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Archive for May, 2010

Managing Your Novel’s Progress

Monday, May 31st, 2010

This week, I thought I’d share my progress on my novel, which I announced that I’d start work on in the beginning of this month.  There are two reasons for doing so:

  • To share a method which has helped me be more disciplined about writing
  • To show that even experienced writers can still have trouble keeping to a schedule

The basic idea was to apply some concepts from project management to writing a novel.  Ideally, to complete a first draft of a 100,000-word novel from May 1 to December 31, a writer needs to write approximately 409 words per day.  Rounding this up to 425 per day, this is still an attainable target for most writers.

In the graph below, you can see the red line represents an ideal increase of 425 words per day.  The blue line represents my actual numbers.

Word Count - May

Word Count - May

As you can see, I’m currently behind (by about 6000 words).  However, there’s something interesting that happened on May 22nd–my actual word count started going up.  That was the day I started officially tracking my word count.  By paying attention to where I’m at, and where I’m supposed to be, I know whether I need to speed up or adjust my schedule.  Having more information helps me to make better decisions, or adjust my goals.

You can also see that there were several weeks where my word count was flat–this means I was not making progress at all.  Like many other writers, I kept telling myself, “I’ll make some progress tomorrow.”  Putting my progress in a spreadsheet and graphing the results is already making a huge difference in how much work I get done each day.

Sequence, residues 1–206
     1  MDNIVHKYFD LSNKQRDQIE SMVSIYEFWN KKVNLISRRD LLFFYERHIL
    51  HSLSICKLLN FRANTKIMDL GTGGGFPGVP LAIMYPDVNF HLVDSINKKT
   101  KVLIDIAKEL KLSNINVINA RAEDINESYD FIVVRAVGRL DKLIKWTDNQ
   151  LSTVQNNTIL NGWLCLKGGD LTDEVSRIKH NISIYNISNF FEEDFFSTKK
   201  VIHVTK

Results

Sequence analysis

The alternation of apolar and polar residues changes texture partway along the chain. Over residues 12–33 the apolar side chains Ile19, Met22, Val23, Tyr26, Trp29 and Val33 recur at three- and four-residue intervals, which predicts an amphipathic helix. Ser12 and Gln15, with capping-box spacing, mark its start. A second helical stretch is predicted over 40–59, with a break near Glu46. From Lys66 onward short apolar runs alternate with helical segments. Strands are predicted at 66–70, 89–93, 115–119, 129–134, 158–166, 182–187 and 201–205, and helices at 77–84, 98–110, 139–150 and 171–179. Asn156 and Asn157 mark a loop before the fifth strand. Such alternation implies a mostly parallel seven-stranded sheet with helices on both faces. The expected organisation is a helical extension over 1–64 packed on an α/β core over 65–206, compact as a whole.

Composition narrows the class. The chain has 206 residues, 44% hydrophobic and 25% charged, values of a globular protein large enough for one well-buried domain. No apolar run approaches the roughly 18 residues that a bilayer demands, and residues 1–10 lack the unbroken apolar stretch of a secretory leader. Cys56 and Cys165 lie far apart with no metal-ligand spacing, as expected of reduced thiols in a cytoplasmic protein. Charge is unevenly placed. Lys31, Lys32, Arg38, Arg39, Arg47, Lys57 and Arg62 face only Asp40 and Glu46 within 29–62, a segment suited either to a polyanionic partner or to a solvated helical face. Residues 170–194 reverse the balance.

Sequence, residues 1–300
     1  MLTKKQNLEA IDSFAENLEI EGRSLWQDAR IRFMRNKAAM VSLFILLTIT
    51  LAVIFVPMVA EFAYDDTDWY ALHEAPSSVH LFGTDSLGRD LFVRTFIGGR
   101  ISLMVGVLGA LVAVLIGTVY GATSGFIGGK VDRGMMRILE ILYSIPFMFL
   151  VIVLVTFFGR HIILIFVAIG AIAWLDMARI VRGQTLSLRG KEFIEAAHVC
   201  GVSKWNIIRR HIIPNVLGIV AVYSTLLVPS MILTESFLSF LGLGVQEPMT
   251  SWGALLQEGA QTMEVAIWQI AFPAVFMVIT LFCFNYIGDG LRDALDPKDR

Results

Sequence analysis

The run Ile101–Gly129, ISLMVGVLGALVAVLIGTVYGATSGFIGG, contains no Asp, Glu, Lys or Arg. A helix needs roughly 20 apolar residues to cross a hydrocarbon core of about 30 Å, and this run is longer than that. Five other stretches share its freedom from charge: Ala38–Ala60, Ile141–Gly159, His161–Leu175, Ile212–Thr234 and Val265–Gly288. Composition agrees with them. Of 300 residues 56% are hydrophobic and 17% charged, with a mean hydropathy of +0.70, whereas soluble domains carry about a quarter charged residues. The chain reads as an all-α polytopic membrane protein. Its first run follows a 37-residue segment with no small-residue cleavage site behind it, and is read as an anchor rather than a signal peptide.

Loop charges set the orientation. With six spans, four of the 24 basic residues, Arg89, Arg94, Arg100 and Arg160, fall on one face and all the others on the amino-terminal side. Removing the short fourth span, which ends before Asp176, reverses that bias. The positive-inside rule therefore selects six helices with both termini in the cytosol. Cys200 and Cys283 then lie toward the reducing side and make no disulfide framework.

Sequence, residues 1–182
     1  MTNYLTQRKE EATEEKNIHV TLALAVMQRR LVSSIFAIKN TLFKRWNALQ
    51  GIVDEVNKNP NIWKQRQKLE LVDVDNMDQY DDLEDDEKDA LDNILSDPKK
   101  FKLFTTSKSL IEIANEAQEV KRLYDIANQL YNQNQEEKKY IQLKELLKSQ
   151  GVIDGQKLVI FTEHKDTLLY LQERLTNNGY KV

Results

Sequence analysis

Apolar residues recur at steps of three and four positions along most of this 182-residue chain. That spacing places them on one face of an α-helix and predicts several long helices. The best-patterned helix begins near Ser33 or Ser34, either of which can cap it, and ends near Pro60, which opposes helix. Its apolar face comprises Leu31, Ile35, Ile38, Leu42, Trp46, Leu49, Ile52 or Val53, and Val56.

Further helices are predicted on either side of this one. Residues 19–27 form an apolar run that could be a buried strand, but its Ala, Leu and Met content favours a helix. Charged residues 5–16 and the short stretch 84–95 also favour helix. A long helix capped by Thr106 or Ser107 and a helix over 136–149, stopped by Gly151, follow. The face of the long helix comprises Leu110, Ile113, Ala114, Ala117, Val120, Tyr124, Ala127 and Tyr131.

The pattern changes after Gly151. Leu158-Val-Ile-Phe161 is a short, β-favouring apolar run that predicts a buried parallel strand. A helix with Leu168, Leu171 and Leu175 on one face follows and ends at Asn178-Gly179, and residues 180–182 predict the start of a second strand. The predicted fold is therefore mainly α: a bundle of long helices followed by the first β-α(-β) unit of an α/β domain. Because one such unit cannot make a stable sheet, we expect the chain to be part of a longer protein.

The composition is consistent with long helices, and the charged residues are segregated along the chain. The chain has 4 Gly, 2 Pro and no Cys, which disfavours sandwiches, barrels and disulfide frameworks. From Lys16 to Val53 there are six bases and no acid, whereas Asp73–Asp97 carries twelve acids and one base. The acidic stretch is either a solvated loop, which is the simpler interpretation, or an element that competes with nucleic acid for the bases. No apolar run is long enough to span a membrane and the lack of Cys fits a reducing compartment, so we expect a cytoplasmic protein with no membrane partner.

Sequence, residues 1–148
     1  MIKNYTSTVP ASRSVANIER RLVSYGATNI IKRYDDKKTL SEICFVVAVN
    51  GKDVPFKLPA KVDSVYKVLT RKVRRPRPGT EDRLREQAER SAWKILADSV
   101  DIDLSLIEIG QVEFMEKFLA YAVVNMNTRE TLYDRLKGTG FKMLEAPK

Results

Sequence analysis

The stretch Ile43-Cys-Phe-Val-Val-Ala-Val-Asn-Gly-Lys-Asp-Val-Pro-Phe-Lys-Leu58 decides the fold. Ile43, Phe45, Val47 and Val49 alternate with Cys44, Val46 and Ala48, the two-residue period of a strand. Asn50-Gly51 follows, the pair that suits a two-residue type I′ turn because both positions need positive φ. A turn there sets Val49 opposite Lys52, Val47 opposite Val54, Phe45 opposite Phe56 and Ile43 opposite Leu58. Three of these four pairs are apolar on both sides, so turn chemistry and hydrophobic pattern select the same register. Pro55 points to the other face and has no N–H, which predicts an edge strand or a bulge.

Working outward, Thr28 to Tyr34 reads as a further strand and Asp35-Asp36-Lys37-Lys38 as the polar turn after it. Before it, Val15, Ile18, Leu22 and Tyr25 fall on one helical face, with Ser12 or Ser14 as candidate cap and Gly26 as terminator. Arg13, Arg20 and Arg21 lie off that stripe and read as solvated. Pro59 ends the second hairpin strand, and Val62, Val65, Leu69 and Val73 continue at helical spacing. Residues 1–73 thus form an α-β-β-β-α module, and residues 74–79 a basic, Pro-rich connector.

And as you can see, it doesn’t take long before you get several thousand words behind.

While I could fake out the results to show that I’m on track, I’d rather keep my actual progress so I can use it as a learning tool (and as motivation to finish more than the minimum each day).  Working on this minimum each day has also had some side benefits–beyond my primary story, I’ve also recorded ideas for three other stories, as well as come up with several nuggets for plot twists within my primary story.

Since my goal of completing a novel by the end of the year is self-imposed, there’s no real penalty for missing the date.  However, setting a date and tracking my progress helps me to make sure I continue to get closer each day.

Also, since I need to update my spreadsheet every day to keep the graphs current, there’s also a bit of self-motivation to add something to the story just so I can show some progress for that day.  Even if I don’t hit my 425 words each day, I expect I’ll always add at least 100.

When I get closer to the end of my draft, I do expect I’ll find my word count stabilizing (or even going down) as I start to shift into the editing phase.  However, for pounding out the first draft, I think this method is going to be an effective way to keep myself working every day.